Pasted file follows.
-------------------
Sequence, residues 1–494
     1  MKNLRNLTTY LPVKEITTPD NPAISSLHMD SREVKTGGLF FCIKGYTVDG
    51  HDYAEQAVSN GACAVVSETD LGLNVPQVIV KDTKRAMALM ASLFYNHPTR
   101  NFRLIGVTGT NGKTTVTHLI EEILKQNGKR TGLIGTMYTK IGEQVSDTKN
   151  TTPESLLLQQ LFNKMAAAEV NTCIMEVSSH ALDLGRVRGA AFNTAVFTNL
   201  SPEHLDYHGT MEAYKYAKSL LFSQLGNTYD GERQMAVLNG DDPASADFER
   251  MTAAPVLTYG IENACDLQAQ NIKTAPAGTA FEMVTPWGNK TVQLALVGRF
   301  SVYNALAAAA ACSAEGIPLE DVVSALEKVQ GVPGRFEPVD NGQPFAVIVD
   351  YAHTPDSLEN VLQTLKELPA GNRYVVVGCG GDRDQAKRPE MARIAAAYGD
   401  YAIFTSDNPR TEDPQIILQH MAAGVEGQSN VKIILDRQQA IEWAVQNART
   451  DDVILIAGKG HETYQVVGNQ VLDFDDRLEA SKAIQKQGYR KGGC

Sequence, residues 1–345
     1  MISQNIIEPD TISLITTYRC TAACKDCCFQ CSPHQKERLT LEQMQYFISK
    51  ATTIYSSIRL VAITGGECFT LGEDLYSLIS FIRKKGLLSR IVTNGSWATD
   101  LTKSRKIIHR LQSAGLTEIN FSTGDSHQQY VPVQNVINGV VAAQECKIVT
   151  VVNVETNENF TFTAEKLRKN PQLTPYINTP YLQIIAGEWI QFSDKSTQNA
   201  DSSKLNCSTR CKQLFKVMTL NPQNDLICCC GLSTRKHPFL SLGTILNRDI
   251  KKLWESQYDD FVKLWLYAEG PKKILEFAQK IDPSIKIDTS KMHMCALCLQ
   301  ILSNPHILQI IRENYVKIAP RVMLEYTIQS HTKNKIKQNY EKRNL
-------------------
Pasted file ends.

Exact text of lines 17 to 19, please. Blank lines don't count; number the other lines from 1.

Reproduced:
   201  DSSKLNCSTR CKQLFKVMTL NPQNDLICCC GLSTRKHPFL SLGTILNRDI
   251  KKLWESQYDD FVKLWLYAEG PKKILEFAQK IDPSIKIDTS KMHMCALCLQ
   301  ILSNPHILQI IRENYVKIAP RVMLEYTIQS HTKNKIKQNY EKRNL